Associate Professor (CSUN) 1974-1977

Professor (CSUN) 1977-present

Director, School of Science and Mathematics Center for Cancer and Developmental Biology (CSUN) 1984-present

Participating Investigator, Consortium for Functional Glycomics, 2006-2010

National/Statewide Honorary Positions

Fellow, American Association for the Advancement of Science (AAAS), 1992-present

Trustees Outstanding Professor, The California State University system, 1984-present

United States Presidential Award

Presidential Award for Excellence in Science, Mathematics, and Engineering Mentoring, 2010.

This is the 2007 Presidential Award awarded in 2009  after a 27 month selection process by the White House and the National Science Foundation. White House Ceremony, Jan 6, 2010.

Editor, 2005-present

Acta Histochemica- Elsevier

Some Federal Grant Review Panels


2014– NSF PAESMEM Panel 6



2009 – PANEL CHAIR, NIH R13 applications

2008 – PANEL CHAIR, NIH R13 applications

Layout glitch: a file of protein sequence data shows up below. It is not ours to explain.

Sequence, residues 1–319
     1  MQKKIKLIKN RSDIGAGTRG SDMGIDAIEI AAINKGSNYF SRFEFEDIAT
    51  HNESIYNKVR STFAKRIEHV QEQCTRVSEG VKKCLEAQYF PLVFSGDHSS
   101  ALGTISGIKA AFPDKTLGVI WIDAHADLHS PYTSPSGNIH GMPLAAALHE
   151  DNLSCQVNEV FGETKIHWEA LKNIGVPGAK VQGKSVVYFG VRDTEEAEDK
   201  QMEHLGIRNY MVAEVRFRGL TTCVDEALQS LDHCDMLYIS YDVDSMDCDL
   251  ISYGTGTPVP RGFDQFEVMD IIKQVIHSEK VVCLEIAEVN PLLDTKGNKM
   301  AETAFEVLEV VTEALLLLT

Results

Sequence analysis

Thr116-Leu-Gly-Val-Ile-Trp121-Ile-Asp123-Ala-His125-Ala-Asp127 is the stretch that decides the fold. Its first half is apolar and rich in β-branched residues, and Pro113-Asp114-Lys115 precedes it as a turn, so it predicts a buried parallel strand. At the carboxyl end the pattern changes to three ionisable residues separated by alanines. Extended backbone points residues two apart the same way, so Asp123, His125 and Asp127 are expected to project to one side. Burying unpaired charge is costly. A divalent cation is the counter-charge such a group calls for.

2008 – NIH, developmental biology model systems


C.    Contribution to Science

We have discovered that specific glycans mediate cellular interactions in development and cancer.  Most recently we have discovered that L-rhamnose and polyglucans control cellular interaction in the sea urchin gastrula, a NIH model system.

Summary:  @300 published papers, published abstracts/national presentations including @700 student co-authors. 14 textbook editions.

ABOUT THE SINGH ET AL. (2013)., SMITH AND OPPENHEIMER (2013), AND LIANG ET AL(2015)  PAPERS BELOW. Singh et al. (2013) for the first time used an elegant new assay developed in the Oppenheimer lab that directly discovered a role of polyglucans in a cellular adhesive interaction of interest to biologists for over a century, adhesion of the archenteron tip to the blastocoel roof in the NIH model sea urchin embryo system.  What is found in sea urchins is often found in humans.

Liang et al. (2015) and Smith and Oppenheimer (2013) found for the first time in animal systems using both enzyme and sugars that L-rhamnose is involved in sea urchin embryo cellular interactions.  This sugar has not previously been definitively shown to be involved in cellular interactions in ANY animal system. This is a big first.